This group of flash fiction stories have ‘one’ thing in common. They are stories that mainly feature one person. Something happens to this one person and because of that a change occurs. In the first story, all it takes is a look for the protagonist to become defensive.
The librarian scans my book – a ‘Meals for One’ cookbook and I see her give me the look of sympathy. Next, she will point out the library programs. She’ll tell me that not only will I learn about genealogy or knitting, I will have an opportunity to meet people! I won’t argue, but I believe shallow socializing is highly over-rated.
Just once, I’d like someone to ask me about my secret for enjoying my own company. I know I’m different but I’m still okay.
If there were a book with that title, I’d buy it for the library.
Author notes – A prediction, based perhaps on past events and a secret wish reveals much about the character. The quite generic book title in the first sentence orients the reader to the story problem; the italics imply an ongoing conflict for the protagonist.
The Apple Stand
The bag of a dozen apples only contains ten. I know I should take them back and complain. I’ve been shortchanged. Another part of me scoffs; for two apples? Who are you, the apple morality squad?
It wouldn’t be hard to do. I can turn around and walk back to their fruit stand right now. Or. I never buy from them again. Let my boycott tell them my dissatisfaction.
I bet they took one look and knew I could be fooled. Like always.
No. That’s crazy thinking.
I’ll just say that I’m short two apples. Simple.
Author notes – In this story the internal dilemma is that of a disgruntled customer. The dialogue, which I point out in the story, is between self and ‘another part of me,’ and as such requires no quotation marks. While the ending- a one-word sentence – implies a resolution but there is some ambiguity as well. The title serves as a clue to the setting and a hint to the story’s meaning.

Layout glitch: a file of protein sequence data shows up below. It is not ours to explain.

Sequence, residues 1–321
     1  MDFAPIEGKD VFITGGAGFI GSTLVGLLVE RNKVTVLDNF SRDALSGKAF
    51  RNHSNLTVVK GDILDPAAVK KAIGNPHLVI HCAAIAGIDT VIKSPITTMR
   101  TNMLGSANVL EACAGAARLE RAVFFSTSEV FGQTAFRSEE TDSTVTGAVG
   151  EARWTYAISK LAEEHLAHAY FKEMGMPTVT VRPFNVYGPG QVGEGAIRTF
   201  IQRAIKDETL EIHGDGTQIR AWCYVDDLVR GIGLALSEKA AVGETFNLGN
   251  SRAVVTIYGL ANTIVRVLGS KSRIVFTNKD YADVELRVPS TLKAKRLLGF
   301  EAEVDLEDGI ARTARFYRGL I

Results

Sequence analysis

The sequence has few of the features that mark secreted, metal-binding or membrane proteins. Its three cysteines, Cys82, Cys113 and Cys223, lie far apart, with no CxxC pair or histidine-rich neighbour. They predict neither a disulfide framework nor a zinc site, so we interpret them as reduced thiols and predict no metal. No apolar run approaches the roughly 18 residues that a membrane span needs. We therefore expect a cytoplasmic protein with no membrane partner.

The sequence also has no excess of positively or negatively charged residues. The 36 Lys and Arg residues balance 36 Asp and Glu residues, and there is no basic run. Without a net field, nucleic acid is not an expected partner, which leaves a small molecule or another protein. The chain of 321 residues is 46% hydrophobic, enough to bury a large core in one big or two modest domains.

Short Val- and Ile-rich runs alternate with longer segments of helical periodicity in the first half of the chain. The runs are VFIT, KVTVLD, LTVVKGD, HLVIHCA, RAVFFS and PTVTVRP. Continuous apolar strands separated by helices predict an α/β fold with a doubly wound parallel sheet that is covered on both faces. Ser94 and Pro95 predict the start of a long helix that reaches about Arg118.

“Congratulations, you have won a consultation.” The heavily accented voice says they’re calling from The Astrology Center of Montreal, Quebec.
“The Astrology Center. I will transfer you for your personalized session.”
“Thank you but I am not interested.”
I hung up as I do with these types of calls, but the incident lingered in my mind. How unusual, how bizarre. Perhaps I have just turned down a mystic message, a prediction. Then I see the phone display; the call originated in Oregon. They weren’t at all honest; just another scammer that I just know would ask for money or information.
But I wanted it to be real. That’s a newly discovered secret.
Author notes – This is one of those ‘from life’ stories. I did get this phone call, but had to put on my writer’s cap to give it story logic. ‘Heavily accented voice’ heightened the sense of strange event, as did the locations I chose, just in case the Astrological Center wasn’t odd enough. I took extra pains to not repeat words although the ideas were very similar – consultation or personalized session. Same idea behind the use of prediction, message, and secret. The occasional repeat of a word is not noticeable in longer fiction but in flash fiction, unintentional repetition shows a lack of polish.
Liz Betz is a retired rancher who loves to write fiction. Her pastime seems to help her days go by, her brain to stay active and sometimes keeps her out of trouble. An overactive imagination is a wonderful thing to harness, but left alone…Her publication credits are many and varied as she explores the fictional world of mostly somewhat older but not necessarily mature characters.